U.S. deputy marshal sentenced to four years for information leak
CHICAGO -- A federal deputy marshal was sentenced Tuesday to four years in prison for leaking information about the government's star witness at Chicago's biggest organized-crime trial in decades.
John T. Ambrose, 42, was convicted in April of stealing government property and violating the secrecy of the Witness Security Program -- the network of bodyguards and safe houses used to protect witnesses in mob and terrorism cases.
U.S. District Judge John F. Grady said that the sentencing range under federal guidelines of 12 to 18 months was too low and that he wanted to send Ambrose to prison long enough to deter such leaks in the future.
It was the first breach of security in the 25-year history of the Witness Security Program, and officials said they think the program remains safe.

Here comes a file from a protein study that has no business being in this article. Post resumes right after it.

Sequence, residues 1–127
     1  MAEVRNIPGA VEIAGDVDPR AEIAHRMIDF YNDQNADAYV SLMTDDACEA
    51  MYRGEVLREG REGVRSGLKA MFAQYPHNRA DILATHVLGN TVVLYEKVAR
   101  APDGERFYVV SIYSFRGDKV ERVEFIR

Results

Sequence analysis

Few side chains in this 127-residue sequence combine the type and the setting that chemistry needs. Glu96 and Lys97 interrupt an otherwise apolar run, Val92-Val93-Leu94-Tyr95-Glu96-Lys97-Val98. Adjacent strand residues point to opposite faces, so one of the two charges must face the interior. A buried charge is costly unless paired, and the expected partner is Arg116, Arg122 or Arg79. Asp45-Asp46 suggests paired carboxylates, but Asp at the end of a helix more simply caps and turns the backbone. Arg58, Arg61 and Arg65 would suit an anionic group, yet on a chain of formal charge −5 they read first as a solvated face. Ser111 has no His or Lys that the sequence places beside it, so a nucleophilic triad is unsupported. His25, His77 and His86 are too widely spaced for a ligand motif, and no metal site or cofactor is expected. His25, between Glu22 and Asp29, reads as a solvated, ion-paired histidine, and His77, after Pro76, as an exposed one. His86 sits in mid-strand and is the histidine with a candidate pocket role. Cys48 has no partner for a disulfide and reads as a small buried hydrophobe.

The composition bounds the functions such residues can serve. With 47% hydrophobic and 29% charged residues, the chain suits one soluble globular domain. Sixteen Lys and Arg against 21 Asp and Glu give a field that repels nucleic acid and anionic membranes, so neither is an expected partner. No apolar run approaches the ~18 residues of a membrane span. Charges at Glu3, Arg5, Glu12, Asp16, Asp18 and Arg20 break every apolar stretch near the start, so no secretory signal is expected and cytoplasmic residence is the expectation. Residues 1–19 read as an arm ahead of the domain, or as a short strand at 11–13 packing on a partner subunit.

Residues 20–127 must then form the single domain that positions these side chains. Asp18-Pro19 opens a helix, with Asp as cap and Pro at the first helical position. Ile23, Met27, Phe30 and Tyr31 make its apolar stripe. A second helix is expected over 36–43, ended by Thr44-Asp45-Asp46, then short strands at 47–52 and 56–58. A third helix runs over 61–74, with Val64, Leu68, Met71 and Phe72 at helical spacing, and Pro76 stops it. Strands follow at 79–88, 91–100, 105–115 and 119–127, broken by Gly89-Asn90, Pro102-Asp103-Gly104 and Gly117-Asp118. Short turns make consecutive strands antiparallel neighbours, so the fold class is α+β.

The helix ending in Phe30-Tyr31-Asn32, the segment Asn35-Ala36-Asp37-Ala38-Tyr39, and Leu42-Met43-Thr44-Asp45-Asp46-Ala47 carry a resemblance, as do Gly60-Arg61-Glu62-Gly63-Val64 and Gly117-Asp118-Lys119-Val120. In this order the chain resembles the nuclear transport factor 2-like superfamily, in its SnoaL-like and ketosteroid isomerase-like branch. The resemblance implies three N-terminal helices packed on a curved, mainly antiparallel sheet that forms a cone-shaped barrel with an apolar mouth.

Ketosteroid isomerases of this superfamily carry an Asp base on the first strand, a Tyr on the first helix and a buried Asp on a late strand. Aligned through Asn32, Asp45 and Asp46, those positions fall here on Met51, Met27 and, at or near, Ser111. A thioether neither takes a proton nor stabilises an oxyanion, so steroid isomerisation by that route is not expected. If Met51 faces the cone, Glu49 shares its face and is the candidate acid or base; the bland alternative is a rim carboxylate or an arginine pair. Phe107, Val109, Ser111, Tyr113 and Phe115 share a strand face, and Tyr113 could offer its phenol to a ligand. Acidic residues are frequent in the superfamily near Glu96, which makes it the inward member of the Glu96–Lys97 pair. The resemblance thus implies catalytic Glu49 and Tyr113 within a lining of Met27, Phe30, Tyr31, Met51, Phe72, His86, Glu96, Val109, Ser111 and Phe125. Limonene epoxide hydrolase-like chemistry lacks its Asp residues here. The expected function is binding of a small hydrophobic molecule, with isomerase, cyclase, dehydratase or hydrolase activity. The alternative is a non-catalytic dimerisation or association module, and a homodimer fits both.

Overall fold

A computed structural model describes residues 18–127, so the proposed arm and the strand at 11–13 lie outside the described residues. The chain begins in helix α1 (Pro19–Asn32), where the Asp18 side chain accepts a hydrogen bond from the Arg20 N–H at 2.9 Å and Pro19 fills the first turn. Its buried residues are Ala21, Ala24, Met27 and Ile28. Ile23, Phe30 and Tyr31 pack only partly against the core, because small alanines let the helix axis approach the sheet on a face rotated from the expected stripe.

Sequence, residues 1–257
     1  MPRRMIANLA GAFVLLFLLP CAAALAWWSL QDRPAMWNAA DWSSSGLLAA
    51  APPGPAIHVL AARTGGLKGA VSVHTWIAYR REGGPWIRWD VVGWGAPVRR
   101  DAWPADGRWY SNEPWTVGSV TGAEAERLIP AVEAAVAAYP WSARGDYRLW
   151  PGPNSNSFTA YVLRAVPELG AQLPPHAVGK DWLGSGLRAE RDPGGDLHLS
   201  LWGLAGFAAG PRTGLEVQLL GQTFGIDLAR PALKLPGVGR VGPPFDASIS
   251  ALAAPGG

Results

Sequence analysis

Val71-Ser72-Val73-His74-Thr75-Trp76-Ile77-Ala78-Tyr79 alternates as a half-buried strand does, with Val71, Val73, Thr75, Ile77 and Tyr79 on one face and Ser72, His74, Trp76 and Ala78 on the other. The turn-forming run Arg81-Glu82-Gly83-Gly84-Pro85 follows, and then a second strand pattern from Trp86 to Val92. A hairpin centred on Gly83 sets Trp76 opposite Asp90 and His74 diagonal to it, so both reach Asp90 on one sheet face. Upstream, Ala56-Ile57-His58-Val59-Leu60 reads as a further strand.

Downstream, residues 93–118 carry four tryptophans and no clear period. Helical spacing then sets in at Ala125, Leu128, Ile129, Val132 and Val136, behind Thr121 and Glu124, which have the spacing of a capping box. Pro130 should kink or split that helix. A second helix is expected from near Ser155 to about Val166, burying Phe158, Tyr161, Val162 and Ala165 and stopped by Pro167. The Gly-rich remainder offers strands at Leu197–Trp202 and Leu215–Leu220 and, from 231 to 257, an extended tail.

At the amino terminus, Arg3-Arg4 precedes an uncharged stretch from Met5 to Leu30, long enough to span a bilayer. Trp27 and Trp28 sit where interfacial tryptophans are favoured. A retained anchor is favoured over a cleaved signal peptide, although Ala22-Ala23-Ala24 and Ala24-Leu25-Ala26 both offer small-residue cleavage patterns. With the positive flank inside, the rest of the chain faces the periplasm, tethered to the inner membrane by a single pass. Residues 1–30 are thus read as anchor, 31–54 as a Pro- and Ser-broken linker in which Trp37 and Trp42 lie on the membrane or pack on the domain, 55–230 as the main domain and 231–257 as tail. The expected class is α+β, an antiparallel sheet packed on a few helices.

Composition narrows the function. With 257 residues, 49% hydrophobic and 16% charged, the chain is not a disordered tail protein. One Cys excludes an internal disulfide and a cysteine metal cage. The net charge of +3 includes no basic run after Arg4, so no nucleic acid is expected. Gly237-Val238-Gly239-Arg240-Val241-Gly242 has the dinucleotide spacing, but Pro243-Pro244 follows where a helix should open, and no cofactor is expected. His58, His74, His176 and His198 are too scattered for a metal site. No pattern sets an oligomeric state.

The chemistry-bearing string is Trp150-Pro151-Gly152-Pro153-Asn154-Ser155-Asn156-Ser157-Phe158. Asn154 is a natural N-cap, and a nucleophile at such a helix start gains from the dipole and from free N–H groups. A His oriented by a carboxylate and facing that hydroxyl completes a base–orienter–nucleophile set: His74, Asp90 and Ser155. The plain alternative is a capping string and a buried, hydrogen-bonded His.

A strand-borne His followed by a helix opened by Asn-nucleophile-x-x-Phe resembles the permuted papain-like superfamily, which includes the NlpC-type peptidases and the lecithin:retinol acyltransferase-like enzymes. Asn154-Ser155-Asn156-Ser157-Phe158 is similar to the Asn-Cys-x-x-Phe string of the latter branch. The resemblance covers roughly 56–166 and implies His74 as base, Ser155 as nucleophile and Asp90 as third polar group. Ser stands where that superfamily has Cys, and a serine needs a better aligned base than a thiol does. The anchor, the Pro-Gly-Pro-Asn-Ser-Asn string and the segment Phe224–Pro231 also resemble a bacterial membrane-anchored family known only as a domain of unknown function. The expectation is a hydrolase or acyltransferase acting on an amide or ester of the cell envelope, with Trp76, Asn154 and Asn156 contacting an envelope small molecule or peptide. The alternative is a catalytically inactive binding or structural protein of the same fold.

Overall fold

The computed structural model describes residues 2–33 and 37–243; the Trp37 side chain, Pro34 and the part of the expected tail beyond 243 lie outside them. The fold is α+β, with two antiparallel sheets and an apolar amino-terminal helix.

"This is an isolated case based on an isolated event," U.S. Marshal Kim Widup told reporters after the sentencing.
The information was that admitted hit man Nicholas Calabrese was in federal custody and being kept in a safe house in Chicago. Both sides say Ambrose leaked the information to a former Chicago police officer who had gone to prison himself in a corruption case decades ago.
The government said Ambrose admitted giving the information in the hope that he would be repaid with useful information in hunting a fugitive. Ambrose denied that and said he had merely boasted of landing the high-prestige assignment.
Ambrose remains on unpaid leave with the U.S. Marshals Service.